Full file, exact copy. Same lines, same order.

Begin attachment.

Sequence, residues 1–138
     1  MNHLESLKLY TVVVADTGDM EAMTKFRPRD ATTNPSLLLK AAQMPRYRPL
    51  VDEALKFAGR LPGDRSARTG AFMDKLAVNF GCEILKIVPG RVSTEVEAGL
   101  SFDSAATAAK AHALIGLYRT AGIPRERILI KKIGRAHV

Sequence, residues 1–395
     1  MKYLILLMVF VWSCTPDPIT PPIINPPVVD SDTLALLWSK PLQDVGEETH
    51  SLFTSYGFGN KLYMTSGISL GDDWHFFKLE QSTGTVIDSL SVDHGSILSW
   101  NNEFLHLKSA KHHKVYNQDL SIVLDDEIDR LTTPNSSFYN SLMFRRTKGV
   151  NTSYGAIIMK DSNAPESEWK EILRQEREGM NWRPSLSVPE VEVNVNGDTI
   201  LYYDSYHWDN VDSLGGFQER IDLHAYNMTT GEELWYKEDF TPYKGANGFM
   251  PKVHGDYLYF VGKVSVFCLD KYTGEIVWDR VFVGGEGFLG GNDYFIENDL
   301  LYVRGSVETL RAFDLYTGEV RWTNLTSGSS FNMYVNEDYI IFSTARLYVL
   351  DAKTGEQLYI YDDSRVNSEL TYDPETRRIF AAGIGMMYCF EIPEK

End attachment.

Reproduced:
Sequence, residues 1–138
     1  MNHLESLKLY TVVVADTGDM EAMTKFRPRD ATTNPSLLLK AAQMPRYRPL
    51  VDEALKFAGR LPGDRSARTG AFMDKLAVNF GCEILKIVPG RVSTEVEAGL
   101  SFDSAATAAK AHALIGLYRT AGIPRERILI KKIGRAHV

Sequence, residues 1–395
     1  MKYLILLMVF VWSCTPDPIT PPIINPPVVD SDTLALLWSK PLQDVGEETH
    51  SLFTSYGFGN KLYMTSGISL GDDWHFFKLE QSTGTVIDSL SVDHGSILSW
   101  NNEFLHLKSA KHHKVYNQDL SIVLDDEIDR LTTPNSSFYN SLMFRRTKGV
   151  NTSYGAIIMK DSNAPESEWK EILRQEREGM NWRPSLSVPE VEVNVNGDTI
   201  LYYDSYHWDN VDSLGGFQER IDLHAYNMTT GEELWYKEDF TPYKGANGFM
   251  PKVHGDYLYF VGKVSVFCLD KYTGEIVWDR VFVGGEGFLG GNDYFIENDL
   301  LYVRGSVETL RAFDLYTGEV RWTNLTSGSS FNMYVNEDYI IFSTARLYVL
   351  DAKTGEQLYI YDDSRVNSEL TYDPETRRIF AAGIGMMYCF EIPEK